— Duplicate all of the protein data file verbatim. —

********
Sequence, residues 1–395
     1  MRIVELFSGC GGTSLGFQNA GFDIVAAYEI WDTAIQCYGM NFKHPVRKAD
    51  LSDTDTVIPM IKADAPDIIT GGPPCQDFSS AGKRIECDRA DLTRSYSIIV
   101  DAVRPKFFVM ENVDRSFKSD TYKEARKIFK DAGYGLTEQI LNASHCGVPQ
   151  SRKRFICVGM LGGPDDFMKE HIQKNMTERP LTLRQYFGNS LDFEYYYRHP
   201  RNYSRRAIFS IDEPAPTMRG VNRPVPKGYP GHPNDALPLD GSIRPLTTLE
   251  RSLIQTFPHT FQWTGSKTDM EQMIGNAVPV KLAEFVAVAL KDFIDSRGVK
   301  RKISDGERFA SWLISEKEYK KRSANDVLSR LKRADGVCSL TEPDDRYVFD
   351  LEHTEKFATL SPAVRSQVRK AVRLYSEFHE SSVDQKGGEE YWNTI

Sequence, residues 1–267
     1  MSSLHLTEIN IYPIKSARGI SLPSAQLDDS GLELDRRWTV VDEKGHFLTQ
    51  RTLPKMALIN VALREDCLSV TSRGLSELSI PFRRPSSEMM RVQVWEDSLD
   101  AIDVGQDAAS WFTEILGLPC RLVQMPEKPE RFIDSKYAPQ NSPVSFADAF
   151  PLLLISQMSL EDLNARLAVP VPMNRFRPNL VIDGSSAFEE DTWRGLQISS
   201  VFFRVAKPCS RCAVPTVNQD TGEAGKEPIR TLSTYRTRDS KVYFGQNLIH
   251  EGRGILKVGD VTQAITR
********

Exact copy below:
Sequence, residues 1–395
     1  MRIVELFSGC GGTSLGFQNA GFDIVAAYEI WDTAIQCYGM NFKHPVRKAD
    51  LSDTDTVIPM IKADAPDIIT GGPPCQDFSS AGKRIECDRA DLTRSYSIIV
   101  DAVRPKFFVM ENVDRSFKSD TYKEARKIFK DAGYGLTEQI LNASHCGVPQ
   151  SRKRFICVGM LGGPDDFMKE HIQKNMTERP LTLRQYFGNS LDFEYYYRHP
   201  RNYSRRAIFS IDEPAPTMRG VNRPVPKGYP GHPNDALPLD GSIRPLTTLE
   251  RSLIQTFPHT FQWTGSKTDM EQMIGNAVPV KLAEFVAVAL KDFIDSRGVK
   301  RKISDGERFA SWLISEKEYK KRSANDVLSR LKRADGVCSL TEPDDRYVFD
   351  LEHTEKFATL SPAVRSQVRK AVRLYSEFHE SSVDQKGGEE YWNTI

Sequence, residues 1–267
     1  MSSLHLTEIN IYPIKSARGI SLPSAQLDDS GLELDRRWTV VDEKGHFLTQ
    51  RTLPKMALIN VALREDCLSV TSRGLSELSI PFRRPSSEMM RVQVWEDSLD
   101  AIDVGQDAAS WFTEILGLPC RLVQMPEKPE RFIDSKYAPQ NSPVSFADAF
   151  PLLLISQMSL EDLNARLAVP VPMNRFRPNL VIDGSSAFEE DTWRGLQISS
   201  VFFRVAKPCS RCAVPTVNQD TGEAGKEPIR TLSTYRTRDS KVYFGQNLIH
   251  EGRGILKVGD VTQAITR